There are certain procedural advantages, however, to filing first if your case proceeds to a trial. For example, the person who initially files for the divorce is called the "Petitioner", while the other spouse is referred to as the "Respondent". At trial, the Petitioner is permitted to present his or her entire case after which the Respondent is permitted to present his or her entire case. The Petitioner is then granted one more opportunity to present additional evidence when the Respondent concludes his or her case which, essentially, gives the Petitioner the last word before the judge makes his or her decision. Although this advantage is worth mentioning, you should not rush into a divorce simply to gain this procedural advantage if there is any chance of reconciling your marriage.
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Either spouse may file a request for the court to schedule a temporary orders hearing to establish orders regarding
temporary custody of children, temporary
child support, temporary
alimony (spousal maintenance), temporary exclusive use of property, and temporary payment of debts. These temporary orders are only effective until such time the court enters final orders in the case and, depending upon the particular orders entered, may be modified by the judge at the final trial.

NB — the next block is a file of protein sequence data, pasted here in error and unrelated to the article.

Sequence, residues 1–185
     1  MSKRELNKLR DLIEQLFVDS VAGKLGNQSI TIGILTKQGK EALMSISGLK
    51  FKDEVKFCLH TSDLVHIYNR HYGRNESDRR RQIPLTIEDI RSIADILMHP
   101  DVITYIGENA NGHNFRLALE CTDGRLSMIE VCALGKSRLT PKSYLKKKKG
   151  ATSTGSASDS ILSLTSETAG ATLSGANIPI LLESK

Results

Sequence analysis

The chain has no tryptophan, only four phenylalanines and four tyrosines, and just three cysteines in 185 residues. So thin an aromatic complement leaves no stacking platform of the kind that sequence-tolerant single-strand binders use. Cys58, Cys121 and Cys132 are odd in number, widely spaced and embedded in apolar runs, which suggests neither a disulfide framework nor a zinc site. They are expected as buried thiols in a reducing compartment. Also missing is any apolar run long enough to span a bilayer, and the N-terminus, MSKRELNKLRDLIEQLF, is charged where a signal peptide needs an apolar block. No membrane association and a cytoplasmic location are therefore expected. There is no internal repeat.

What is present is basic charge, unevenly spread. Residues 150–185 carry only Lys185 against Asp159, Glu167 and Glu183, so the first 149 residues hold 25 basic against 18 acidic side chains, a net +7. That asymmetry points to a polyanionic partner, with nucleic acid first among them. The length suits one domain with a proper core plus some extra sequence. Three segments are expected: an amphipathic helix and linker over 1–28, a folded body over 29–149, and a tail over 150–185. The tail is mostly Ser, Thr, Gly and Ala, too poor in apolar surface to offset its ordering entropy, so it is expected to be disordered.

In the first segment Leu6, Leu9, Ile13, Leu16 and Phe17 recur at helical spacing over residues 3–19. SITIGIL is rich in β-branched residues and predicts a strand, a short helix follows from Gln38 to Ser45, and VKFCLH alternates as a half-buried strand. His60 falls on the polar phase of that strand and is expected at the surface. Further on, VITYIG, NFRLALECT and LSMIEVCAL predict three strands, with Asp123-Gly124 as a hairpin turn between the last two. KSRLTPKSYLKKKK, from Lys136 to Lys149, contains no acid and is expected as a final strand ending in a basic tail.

Once the divorce, legal separation, or custody papers have been filed, how do I get the court to order temporary child custody, child support, spousal maintenance, division of property and division of debts?
The court typically will not schedule a hearing to establish temporary orders until a party files a separate petition asking the court to enter temporary orders in a case. The court will then schedule a hearing at which time it may enter temporary orders regarding custody of minor children, child support, spousal maintenance, payment of debts, use of property, exclusive use of the marital residence, and attorneys' fees and costs.
Before Temporary Orders
In Arizona, both parents have an absolute right to the care, custody, and control of their children until the court enters an order delineating each parent's rights. There are no rules with respect to the parents' respective rights to their children until an order is entered by the court which has the potential of creating a situation wherein one or both parents are unilaterally keeping the children from the other parent. This type of conduct, however, is not viewed upon favorably by most judges and provides a basis for the court to grant the non-offending parent custody of the children when the issues are presented to the court. It is important, therefore, to seek a temporary orders hearing as soon as possible to avoid any potential conflict between the parents.